In the audible diet of life, music is dessert. Sure you can live on dessert. There’s caloric value in it just like there are ideas in music, but the lean protein of information and experience is rarely there in the abundance needed for intellectual growth. The musical sugar toys with people’s mental glycogen to lift them up and down, addicting them. Maybe booze is a better analogy. How many people drink their coffee and listen to c-span or talk radio on their way to work, and then jam out to a brain-unplugging tune on their way to a post-work beer?
Never in the history of man have people had access to such an audible buffet. You could be reading The Sound and the Fury on your morning commute instead of listening to T-Swift shaking it off for the 37th time. And yet most people I know keep going to the chocolate fountain instead of the carvery. Your brain deserves better.
On a budget? Listen to podcasts. Ideally something that gives you counter-intuitive ways to look at the world. Comedians like Marc Maron and Pete Holmes have famous and interesting guests and have a habit of asking questions successful habits, beliefs about God, and the double-edge of relationships. You know what makes the Dos-Equis guy so interesting? Life experience. And you can be learning the pivotal life experiences of some of the world’s most interesting people while your pounding the treadmill to atone for last night’s Oreo’s.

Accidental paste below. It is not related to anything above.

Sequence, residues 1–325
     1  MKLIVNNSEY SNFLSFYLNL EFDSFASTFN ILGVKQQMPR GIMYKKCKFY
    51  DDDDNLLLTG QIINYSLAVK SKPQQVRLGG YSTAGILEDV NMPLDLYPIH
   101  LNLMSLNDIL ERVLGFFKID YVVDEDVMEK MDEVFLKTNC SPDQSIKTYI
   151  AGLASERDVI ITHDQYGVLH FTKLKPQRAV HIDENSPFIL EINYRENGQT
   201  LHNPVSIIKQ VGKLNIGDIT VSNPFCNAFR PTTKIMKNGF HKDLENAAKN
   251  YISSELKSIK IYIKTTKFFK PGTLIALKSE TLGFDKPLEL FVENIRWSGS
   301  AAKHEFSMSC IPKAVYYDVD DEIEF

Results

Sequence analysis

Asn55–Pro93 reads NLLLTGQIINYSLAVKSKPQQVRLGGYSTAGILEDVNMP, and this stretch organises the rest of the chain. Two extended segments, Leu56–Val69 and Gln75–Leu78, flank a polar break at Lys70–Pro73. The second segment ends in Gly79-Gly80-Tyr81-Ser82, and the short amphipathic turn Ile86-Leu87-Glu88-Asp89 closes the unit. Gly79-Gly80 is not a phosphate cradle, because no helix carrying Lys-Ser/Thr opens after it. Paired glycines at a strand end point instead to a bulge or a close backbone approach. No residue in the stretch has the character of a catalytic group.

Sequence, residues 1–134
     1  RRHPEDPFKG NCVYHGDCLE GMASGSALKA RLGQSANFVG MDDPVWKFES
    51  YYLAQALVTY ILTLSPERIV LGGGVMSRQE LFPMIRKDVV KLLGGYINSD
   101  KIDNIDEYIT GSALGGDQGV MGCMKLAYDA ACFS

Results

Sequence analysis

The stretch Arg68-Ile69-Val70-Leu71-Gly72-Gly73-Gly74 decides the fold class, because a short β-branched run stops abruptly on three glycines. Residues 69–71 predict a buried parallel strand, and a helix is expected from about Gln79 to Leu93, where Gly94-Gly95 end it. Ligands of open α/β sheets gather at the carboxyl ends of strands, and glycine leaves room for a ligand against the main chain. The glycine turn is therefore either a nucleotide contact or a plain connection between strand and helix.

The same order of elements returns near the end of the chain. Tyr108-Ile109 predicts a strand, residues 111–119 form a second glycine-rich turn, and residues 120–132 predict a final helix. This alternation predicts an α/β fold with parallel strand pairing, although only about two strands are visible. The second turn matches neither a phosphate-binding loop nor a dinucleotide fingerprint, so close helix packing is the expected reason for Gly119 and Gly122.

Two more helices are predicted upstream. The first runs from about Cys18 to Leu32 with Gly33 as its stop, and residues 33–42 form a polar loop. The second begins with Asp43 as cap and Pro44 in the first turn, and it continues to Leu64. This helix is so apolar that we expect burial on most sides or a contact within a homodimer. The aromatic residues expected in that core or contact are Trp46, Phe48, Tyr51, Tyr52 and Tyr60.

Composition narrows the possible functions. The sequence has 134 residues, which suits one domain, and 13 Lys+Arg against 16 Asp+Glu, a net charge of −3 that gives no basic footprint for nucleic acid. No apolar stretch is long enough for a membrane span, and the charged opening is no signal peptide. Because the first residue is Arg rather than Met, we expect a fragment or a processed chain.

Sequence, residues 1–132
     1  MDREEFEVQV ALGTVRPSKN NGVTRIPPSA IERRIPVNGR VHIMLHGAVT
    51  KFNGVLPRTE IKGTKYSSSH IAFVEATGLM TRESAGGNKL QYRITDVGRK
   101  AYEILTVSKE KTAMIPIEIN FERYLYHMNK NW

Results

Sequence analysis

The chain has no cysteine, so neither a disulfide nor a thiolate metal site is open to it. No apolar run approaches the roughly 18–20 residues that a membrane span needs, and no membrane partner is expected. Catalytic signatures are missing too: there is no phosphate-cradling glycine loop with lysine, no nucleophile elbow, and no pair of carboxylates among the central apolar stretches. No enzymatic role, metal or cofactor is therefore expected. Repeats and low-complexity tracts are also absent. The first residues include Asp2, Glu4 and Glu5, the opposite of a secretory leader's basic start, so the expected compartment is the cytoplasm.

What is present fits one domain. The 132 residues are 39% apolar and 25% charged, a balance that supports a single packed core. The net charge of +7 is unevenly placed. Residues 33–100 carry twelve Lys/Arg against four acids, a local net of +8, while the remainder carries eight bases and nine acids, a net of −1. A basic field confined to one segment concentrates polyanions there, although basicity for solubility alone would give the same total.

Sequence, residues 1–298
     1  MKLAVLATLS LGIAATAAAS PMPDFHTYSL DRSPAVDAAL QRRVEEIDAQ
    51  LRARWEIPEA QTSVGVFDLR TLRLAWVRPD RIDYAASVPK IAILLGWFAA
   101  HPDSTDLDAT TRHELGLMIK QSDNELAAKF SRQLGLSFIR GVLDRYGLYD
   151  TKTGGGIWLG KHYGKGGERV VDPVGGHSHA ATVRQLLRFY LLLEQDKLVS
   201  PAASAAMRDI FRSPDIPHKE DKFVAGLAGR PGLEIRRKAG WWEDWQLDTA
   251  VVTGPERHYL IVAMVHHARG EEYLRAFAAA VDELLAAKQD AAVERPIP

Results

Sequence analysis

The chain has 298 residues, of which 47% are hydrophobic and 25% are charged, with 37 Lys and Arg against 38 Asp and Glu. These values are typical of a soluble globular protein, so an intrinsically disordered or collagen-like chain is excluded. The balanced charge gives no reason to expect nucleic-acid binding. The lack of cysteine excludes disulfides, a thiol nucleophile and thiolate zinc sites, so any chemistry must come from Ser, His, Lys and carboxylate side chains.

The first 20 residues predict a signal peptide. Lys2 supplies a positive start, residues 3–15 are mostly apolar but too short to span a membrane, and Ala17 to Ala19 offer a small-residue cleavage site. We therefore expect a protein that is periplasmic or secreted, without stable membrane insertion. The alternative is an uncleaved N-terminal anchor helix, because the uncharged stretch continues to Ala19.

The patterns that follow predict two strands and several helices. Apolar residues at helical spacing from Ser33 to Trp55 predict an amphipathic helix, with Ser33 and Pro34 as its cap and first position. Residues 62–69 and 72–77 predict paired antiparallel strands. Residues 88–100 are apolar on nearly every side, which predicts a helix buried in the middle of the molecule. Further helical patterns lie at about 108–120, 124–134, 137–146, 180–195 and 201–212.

Now, I like music. I listen to it while I write (Blues Traveler is playing right now), and I listen to it while I work out. Those are times I like to be a little raw and emotional and just let myself be manipulated by it. I love the way it controls the tone of movies and TV. Like sugar, the world would be bland without it. But it’s the opportunity cost of playing to our emotions instead of our minds that’s unsettling.
This thought came to me upon noticing a wild snapback in my mental dialogue in the car. I was listening to Slacker Radio (my first mistake), and “Colorblind” by Counting Crows came on. I found myself reminiscing on something I wrote once: “I thought we made minutes small to trick ourselves into thinking that life is long. But I think the real trick is that the minutia of time was built in cycles. Hours, days, weeks and seasons repeating in perpetuity so that the future always looks like a cul-de-sac instead of a dead end.” Only minutes later, “Semi-Charmed Life” by Third Eye Blind was on, and I was thinking about the time me and three high-school buddies jammed out on air instruments in a Toyota Corolla. With no one around, the memory had me smiling ear-to-ear.
I like going to both of those thought spaces. I just don’t like the concept of something external shoving me there, commandeering my personal mental agency. I’d rather maintain an even emotional keel while learning about the (possibly crackpot) ideas of Deepak Chopra on the “reality sandwich” of material, quantum, and virtual aspects of the universe. That stuff kills at cocktail parties.
One last thing about music. Here’s the first Google image of the artists that are in the top 5 at Billboard right now.
Teenage girls love pure sugar.